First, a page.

The Carl Zeiss Jena Prakticar 35mm f2.4 ‘Flektogon’ is a vintage manual focus lens manufactured in East Germany (or the former ‘German Democratic Republic’ aka the DDR). The Flektogon design was originally copied by Carl Zeiss in West Germany, and it is this design which is still used to this day for the Distagon lenses.
Produced in both the M42 and Praktica PB mount, the 35mm f2.4 Flektogon is highly regarded; known for its sharpness, very short minimum focussing distance, and pleasant out of focus areas. It has six aperture blades, a filter thread of 49mm, and focusses as close as about 20cm (!). All of the f2.4 lenses are multi-coated, and since 35mm technically counts as a wide angle lens, that explains where the ‘Flektogon’ title comes from (as the name given by Zeiss to their wide angles). On a cosmetic note, the PB mount lenses do not have this name printed on the barrel, and tend to have green distance markers, as opposed to the purely red and white colour scheme found on the M42 lenses.
There are different versions of the Flektogon series available, the most obvious difference visible in the maximum aperture: f2.4 versus f2.8 for the newer models. For the purposes of this post, I am specifically going to look at the 35mm f2.4 version with the PB mount.
The lens itself has a mostly metal construction, but is somehow still quite light. It feels fairly reliable, however do note some of the internals are plastic rather than metal – and this can cause issues with the aperture mechanism if the lens is handled roughly, or dropped – with the parts more likely to wear or break. This is something that I unfortunately discovered first hand.
The Flektogon is known as an especially sharp lens, but I didn’t quite expect it to be as sharp as it turned out to be. The clarity and definition was evident even from the first few shots.
One of the coolest features of the Flektogon is its minimum focussing distance, which lets you get extremely close to the subject – far closer than most other non dedicated macro lenses.
The out of focus areas render really nicely with the Flektogon, and there is a rather surprisingly shallow depth of field when shot open, even though the lens is ‘only’ f2.4.
The bokeh isn’t in yer face like with some other lenses, but is just the right amount to give an added bit of character.
The MC version of the Flektogon is extremely resistant to flare, even when shot directly into (or at an angle to) the sun. I tried pretty hard to make it happen and only got minimal results, as you can see below.
Whether or not this is a plus will be down to your own preference. I personally like lots of flare when shooting with vintage manual focus lenses, but not everybody does. So… if you shoot outdoors a lot and want to find an M42 lens which won’t flare constantly, this is a solid option. If you want more flare, then you might want to consider the later f2.8 model, as this is single rather than multi-coated – though I personally haven’t tested this out for myself.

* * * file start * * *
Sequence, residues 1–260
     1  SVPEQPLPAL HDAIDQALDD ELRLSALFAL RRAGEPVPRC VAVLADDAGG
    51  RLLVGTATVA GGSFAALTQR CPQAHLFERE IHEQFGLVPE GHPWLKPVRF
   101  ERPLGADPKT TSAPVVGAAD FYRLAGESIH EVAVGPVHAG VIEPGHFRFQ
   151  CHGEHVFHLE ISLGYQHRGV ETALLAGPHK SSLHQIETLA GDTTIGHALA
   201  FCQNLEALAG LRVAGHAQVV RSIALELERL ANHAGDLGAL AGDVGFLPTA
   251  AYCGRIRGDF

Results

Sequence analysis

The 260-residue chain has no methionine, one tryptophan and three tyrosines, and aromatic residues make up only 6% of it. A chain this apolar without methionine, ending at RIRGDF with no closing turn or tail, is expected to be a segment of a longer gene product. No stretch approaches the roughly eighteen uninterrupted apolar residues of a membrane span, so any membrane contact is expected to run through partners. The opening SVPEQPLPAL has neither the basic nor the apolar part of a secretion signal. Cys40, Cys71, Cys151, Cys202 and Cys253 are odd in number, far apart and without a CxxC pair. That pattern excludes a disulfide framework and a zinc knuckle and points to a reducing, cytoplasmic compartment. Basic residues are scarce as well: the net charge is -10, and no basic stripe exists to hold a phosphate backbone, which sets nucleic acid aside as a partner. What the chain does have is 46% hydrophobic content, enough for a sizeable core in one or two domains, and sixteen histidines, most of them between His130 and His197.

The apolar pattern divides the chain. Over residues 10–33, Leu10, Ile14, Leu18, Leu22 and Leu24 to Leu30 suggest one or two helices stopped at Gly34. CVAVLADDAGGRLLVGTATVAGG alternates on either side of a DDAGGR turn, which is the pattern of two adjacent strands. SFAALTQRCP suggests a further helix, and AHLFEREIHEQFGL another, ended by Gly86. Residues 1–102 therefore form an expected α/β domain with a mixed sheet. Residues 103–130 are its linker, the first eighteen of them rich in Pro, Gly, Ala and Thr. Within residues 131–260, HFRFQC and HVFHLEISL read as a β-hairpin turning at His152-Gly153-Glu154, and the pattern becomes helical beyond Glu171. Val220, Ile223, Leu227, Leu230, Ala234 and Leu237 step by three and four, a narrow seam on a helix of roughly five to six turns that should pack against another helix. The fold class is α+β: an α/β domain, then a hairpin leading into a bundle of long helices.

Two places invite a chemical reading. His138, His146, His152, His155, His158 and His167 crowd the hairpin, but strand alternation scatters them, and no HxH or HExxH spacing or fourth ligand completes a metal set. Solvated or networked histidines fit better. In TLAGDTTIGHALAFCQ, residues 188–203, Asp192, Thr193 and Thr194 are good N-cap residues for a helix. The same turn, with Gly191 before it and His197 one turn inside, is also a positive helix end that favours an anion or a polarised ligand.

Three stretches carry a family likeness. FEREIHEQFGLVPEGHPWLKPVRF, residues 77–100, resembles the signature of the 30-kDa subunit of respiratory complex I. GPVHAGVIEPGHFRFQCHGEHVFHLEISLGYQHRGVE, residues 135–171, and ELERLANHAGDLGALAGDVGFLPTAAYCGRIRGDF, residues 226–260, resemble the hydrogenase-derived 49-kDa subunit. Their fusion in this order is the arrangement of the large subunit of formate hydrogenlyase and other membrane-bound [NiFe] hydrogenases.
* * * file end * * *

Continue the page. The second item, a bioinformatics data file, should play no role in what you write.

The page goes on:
Purely from an aesthetic perspective, the Flektogon is fairly unremarkable. It is pretty plain looking (the PB version especially) and with the Sony adaptor it ends up feeling far ‘longer’ than a 35mm lens should. For this reason, I found it difficult to get all that excited about – at least in comparison to some of the other vintage manual focus lenses in my collection. That might seem trivial, but the experience of shooting with old lenses is important, and is something that often dictates how much it will end up on your camera.
All of that said… even though it may look ordinary and feel a bit awkward, the Flektogon has really grown on me, and it’s now the one lens that always ends up in my bag for portrait shoots. I love the images I get, and they have an undeniable technical quality to them; sharp, with colours and contrast that seem to really pop. I don’t have any technical data to back this up, but they also always seem to respond well to post-processing. Long story short, this is a pretty sweet lens. I never thought that one of my favourite vintage lens would end up being a 35mm f2.4, but there you have it. I only wish that its physical appearance had a bit more character.
The bottom line is that the Flektogon is a solid, consistent performer which is a superb all rounder, and I default to using it in many situations for that reason alone.
Cost and availability
Prices for the Flektogon have been increasing lately, and are hovering around the £140 mark. While that’s still pretty good value for money given what you are getting, they don’t appear to be losing value – so keep an eye on that. The lens is mostly available in M42 and PB mounts, but you’ll pay a bit more for the M42 version. If you are using the lens on a digital body like the A7, you will need an adaptor either way. In my case, I paid £70 for a PB mount version a few years ago, with an adaptor costing an extra £17.
The below were shot with the Carl Zeiss Jena Prakticar 35mm f2.4 on a Sony A7.
Disclaimer: As usual, this article isn’t intended to be a comprehensive, pixel-peeping review. Rather, it’s highly subjective, and reflects my research and experience as someone who has shot with a lot of different cameras and lenses over the years. No aperture comparison charts here. Any flaws in the images are almost certainly down to me rather than the lens.